The benefits of well aggregates soils to plant production are numerous. As previously mentioned the increased penetration of root systems promotes growth, surface crusting is less evident as water stable aggregates are less likely break apart when rainfall hits them, this in turn reduces run off from subsequent watering. Aggregates are less prone to erosion as they are heavier than their particle components.
The microbial content of organic matter we have determined helps drought proof soils due to the production of the binding glues for aggregation (24). The water retaining capacity of many soils is proportionally relative to the humus content (26). Organic matter itself also determines the water holding capacity of soils in a direct manner. Every 1% of organic matter can hold 0.5ML/ha/m (23). The growth and proliferation of desirable soil microbes and microflora is at its best in the presence of high quality humic substances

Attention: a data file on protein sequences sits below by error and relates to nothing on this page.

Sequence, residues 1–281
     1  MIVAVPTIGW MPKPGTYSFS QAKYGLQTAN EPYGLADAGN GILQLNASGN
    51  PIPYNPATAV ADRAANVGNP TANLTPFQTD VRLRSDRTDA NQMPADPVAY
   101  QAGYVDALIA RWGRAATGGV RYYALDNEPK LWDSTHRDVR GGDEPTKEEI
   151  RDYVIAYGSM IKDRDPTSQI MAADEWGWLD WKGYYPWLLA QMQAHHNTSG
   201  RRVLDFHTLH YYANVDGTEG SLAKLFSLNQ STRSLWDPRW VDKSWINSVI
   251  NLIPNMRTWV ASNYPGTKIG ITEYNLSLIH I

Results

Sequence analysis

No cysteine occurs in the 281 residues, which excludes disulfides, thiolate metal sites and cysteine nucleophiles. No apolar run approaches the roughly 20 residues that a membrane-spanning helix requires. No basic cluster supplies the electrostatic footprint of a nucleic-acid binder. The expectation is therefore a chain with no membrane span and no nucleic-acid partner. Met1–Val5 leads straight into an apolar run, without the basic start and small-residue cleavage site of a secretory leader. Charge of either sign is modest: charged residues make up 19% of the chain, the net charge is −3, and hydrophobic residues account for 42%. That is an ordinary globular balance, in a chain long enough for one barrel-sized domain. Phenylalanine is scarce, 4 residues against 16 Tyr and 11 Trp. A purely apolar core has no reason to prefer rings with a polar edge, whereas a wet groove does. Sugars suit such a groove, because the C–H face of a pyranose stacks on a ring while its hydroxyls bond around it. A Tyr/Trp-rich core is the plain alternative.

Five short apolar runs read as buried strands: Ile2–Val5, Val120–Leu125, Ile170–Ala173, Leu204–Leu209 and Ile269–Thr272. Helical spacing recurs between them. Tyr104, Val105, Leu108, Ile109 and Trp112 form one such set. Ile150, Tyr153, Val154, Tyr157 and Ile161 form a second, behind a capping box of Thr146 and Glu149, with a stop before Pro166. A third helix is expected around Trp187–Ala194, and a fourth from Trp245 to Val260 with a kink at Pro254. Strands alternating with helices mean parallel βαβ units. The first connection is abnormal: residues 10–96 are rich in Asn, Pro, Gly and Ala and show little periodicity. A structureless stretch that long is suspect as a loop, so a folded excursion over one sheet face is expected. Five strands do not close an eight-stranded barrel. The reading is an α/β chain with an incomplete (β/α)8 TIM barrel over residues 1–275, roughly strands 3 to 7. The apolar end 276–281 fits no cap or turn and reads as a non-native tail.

Humic acids have a beneficial effect on soil, relating to the production and formation of organic matter and soil structure, which helps drought proofing. They increase water holding capacity of soils (28,29) and thus soils treated with humic substances resist droughts more effectively and produce better yields when water supply is more plentiful. Humic substances improve tilth, or the workability, of the soil (30,31). Soils are more friable and suitably sized particles are formed in the aggregate (31). Friability is maintained as the humic substances form colloidal mineral complexes that assist in aeration and the prevention of large clods and stratification (32).
At permanent wilting point in the soil, water is held too tightly to soil particles (220psi) for plants to utilise. Humic substances reduce this pressure due to there electrochemistry making more water available to plants (10).
Humic substances have also proven to have a direct effect in plant water conservation and utilisation. The increased seed germination (33,34) and rooting of plants due to humic acids (35,36,37,38,39,40) also increases the uptake of water and nutrients by simply establishing a greater mass (surface area) and reach to collect with. In addition, humic substances promote plants root exudates which are highly hydrated and function to prevent dehydration of the roots (25). Humic substances assist the balance of water under drought conditions by increasing plant respiration, helping the plant breath better under stress (more oxygen).